There are many things in the tech space that can get taken for granted. Like a general understanding of common terms. In the UX/UI design space, we throw around a lot of terms we expect people to know. Whether it be CTA, above the fold, or even UX design itself, we assume that people know what these terms we’ve been throwing around mean. But boy is the tech space a bubble!
While some of this may be hitting some of you over the head, some of you may be sitting there like…
So it’s time to get #learnt. You might be asking yourself “What is a UX Designer?” “What do they do?” “What’s a Developer?” and to conclude, “WTF even is the difference?” Well pull up a chair.
The distinction between a UX/UI designer and a developer is huge.
To make it simple, a UX designer creates the layout and general aesthetic of an application, and a developer makes these things work.
UX design is the infrastructure, layout, and placement of content and copy for a specific composition.
A good example of that is wireframing. Wireframing, one of the most utilized tools in a UX designers toolbelt, is a rough sketch or layout of what the application will look like before adding the details.
Whether wire framing is done on a whiteboard or an application like Sketch, UX/UI designers work closely with stakeholders to translate their ideas into a visual with an intelligent layout and design. At this point in the process, a rough sketch of what the application will look like exists but it’s not fully flushed out, resembling a coloring book before a 12 pack of Crayola.
The UX/UI design process is similar to building a home.
To build a home you’re going to need an architect, someone who will plan the general layout and composition of your space. Somebody that hopefully creates an environment for maximum enjoyment of what you want out of your home. That’s the UX designers job.
The builder, the one who actually brings the home to life, putting in finishing details such as window finishes, painting, and the function of appliances would fall under the UI designers job.
A UI designer will take what a UX designer has produced, color it in, and implement the style guide and branding of the application. These are all things a developer who is coding the front end (what the site looks like) of the application will want to know so that they can do their part.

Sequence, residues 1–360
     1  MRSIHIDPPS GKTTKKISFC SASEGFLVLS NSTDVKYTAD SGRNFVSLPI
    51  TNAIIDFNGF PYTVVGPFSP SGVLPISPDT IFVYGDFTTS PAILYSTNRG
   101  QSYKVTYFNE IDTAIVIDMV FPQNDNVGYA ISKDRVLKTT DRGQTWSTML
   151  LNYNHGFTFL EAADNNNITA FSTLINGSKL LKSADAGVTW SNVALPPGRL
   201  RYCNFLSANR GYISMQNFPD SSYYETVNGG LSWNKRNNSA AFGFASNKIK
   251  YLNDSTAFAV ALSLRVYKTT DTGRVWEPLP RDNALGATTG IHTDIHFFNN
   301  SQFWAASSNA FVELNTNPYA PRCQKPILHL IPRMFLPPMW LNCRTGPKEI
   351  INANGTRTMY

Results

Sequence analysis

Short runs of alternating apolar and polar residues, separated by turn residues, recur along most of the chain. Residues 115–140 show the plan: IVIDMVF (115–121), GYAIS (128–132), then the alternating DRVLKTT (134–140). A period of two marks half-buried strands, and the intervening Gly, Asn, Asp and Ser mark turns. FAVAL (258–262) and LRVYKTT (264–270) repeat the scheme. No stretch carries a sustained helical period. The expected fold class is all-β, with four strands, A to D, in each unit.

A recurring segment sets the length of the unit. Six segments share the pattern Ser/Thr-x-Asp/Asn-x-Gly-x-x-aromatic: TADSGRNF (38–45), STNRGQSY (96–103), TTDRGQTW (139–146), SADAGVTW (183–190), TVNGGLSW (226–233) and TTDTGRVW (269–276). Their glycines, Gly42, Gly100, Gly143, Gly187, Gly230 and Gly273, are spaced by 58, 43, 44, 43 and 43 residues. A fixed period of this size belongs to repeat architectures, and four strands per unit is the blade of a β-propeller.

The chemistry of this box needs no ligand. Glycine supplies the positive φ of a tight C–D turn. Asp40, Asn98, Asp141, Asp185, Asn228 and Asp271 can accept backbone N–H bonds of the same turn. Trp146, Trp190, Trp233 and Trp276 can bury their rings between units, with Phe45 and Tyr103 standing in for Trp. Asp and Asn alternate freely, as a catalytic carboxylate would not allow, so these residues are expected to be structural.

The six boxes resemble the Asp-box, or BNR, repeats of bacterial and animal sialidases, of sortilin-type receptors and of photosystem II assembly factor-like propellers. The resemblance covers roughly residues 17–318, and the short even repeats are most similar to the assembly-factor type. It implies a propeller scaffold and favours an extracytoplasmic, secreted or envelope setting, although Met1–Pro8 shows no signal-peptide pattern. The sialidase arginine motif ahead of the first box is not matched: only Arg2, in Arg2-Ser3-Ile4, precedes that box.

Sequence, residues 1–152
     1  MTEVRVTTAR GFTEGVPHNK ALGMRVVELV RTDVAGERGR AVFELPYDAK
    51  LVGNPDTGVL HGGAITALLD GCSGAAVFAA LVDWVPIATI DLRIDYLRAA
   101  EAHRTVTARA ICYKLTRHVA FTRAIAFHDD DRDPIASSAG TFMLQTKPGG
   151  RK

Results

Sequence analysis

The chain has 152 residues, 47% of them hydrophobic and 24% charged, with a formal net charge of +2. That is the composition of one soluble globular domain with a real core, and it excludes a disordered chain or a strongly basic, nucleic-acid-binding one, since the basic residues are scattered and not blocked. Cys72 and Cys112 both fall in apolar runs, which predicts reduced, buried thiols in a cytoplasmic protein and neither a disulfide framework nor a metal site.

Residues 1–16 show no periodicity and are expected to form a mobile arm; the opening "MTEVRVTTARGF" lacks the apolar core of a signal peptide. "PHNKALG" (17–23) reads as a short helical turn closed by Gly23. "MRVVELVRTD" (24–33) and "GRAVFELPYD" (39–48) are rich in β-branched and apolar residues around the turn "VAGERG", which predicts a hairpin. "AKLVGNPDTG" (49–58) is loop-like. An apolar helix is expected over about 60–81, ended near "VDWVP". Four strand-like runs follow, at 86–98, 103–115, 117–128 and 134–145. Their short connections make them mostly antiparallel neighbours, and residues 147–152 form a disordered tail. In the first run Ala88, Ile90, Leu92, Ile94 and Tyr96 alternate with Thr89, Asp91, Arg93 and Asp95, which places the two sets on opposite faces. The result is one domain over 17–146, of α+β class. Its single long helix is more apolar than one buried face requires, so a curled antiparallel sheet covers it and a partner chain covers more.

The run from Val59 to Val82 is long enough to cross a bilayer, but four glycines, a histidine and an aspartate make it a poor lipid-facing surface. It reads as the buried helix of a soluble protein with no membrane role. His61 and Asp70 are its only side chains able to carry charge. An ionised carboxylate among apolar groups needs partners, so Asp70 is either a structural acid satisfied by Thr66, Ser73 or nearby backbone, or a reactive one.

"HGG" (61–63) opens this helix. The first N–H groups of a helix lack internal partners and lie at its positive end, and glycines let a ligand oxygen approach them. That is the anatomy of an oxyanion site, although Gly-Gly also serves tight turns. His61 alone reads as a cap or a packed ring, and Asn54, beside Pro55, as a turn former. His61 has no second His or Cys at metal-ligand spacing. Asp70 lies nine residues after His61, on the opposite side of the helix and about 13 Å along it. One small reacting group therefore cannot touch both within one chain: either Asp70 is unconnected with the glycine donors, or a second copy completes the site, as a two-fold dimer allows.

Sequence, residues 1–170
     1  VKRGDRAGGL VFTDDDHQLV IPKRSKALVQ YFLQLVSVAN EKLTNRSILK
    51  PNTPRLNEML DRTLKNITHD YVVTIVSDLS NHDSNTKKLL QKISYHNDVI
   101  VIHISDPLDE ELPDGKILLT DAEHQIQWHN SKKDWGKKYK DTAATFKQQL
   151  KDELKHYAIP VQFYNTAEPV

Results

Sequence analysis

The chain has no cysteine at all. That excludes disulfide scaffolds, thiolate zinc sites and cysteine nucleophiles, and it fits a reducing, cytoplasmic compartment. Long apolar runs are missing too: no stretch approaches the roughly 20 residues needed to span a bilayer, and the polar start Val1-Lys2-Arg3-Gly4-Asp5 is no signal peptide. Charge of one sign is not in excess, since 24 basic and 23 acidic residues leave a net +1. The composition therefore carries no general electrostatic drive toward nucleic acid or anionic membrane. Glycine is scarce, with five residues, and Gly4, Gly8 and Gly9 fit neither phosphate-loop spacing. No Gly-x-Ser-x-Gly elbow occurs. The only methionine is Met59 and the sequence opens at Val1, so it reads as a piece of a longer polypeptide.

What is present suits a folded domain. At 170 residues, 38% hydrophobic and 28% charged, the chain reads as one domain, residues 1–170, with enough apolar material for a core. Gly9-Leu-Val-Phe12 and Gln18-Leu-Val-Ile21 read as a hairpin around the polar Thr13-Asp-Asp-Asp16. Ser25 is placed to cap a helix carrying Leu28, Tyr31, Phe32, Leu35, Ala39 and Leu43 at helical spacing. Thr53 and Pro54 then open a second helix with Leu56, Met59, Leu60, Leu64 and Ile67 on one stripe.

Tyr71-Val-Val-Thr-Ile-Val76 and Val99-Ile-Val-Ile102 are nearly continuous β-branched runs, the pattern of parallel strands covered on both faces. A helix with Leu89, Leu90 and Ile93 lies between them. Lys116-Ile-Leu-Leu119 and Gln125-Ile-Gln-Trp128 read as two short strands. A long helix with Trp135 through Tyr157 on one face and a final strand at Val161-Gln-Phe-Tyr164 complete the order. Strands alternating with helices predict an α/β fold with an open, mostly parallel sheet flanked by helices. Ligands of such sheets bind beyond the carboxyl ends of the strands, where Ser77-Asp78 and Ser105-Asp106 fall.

Find yourself a proper villain:
More often than not a UX designer will also specialize in UI and have a little bit of front end experience just from encounters with other developers. This way when the designer hands the project off to the developer it’s neatly packaged and the developer doesn’t have to dig around to understand the needs and wants. Which in the end, is better for someone who’s paying the developer because costs will be lower and everything will run smoothly.
So what does a web developer do?
Once the handoff happens from the designer to the developer, the developer makes the application come to life. Good development starts in the planning phases, even beginning when the designers wireframe. Doing this ensures an understanding of how the application should respond and look like. Now developer will know what the site is, what the flow will be and be prepared for any challenges that may arise.
When it comes to web development, you can have developers that specialize in certain aspects, or full stack developers.
Meaning, they do everything from front end development, what you actually see in your browser, to back-end development, what the application is built on like WordPress and Magento.
Once the UI elements are made from the design the developers should start thinking about the backend.
What database should they use?
What do they need to use?
All those different questions, and planning it out from the design phase helps in the long run. You’ll have less technical debt, code that’s maintainable, and getting to the finished product will be much easier.
The relationship between the UX/UI designer and developer is integral to the success of the project. Although very different roles, the two have to work closely together so small details aren’t over looked. If you give a developer instructions to create a website without a design, you’ll most likely end up with a website that looks like it was made in the early 90s and vice versa. Like most specialities, it’s safe to say the job of a developer and a UX/UI designer adheres to the age old motto: #stayinyolane.
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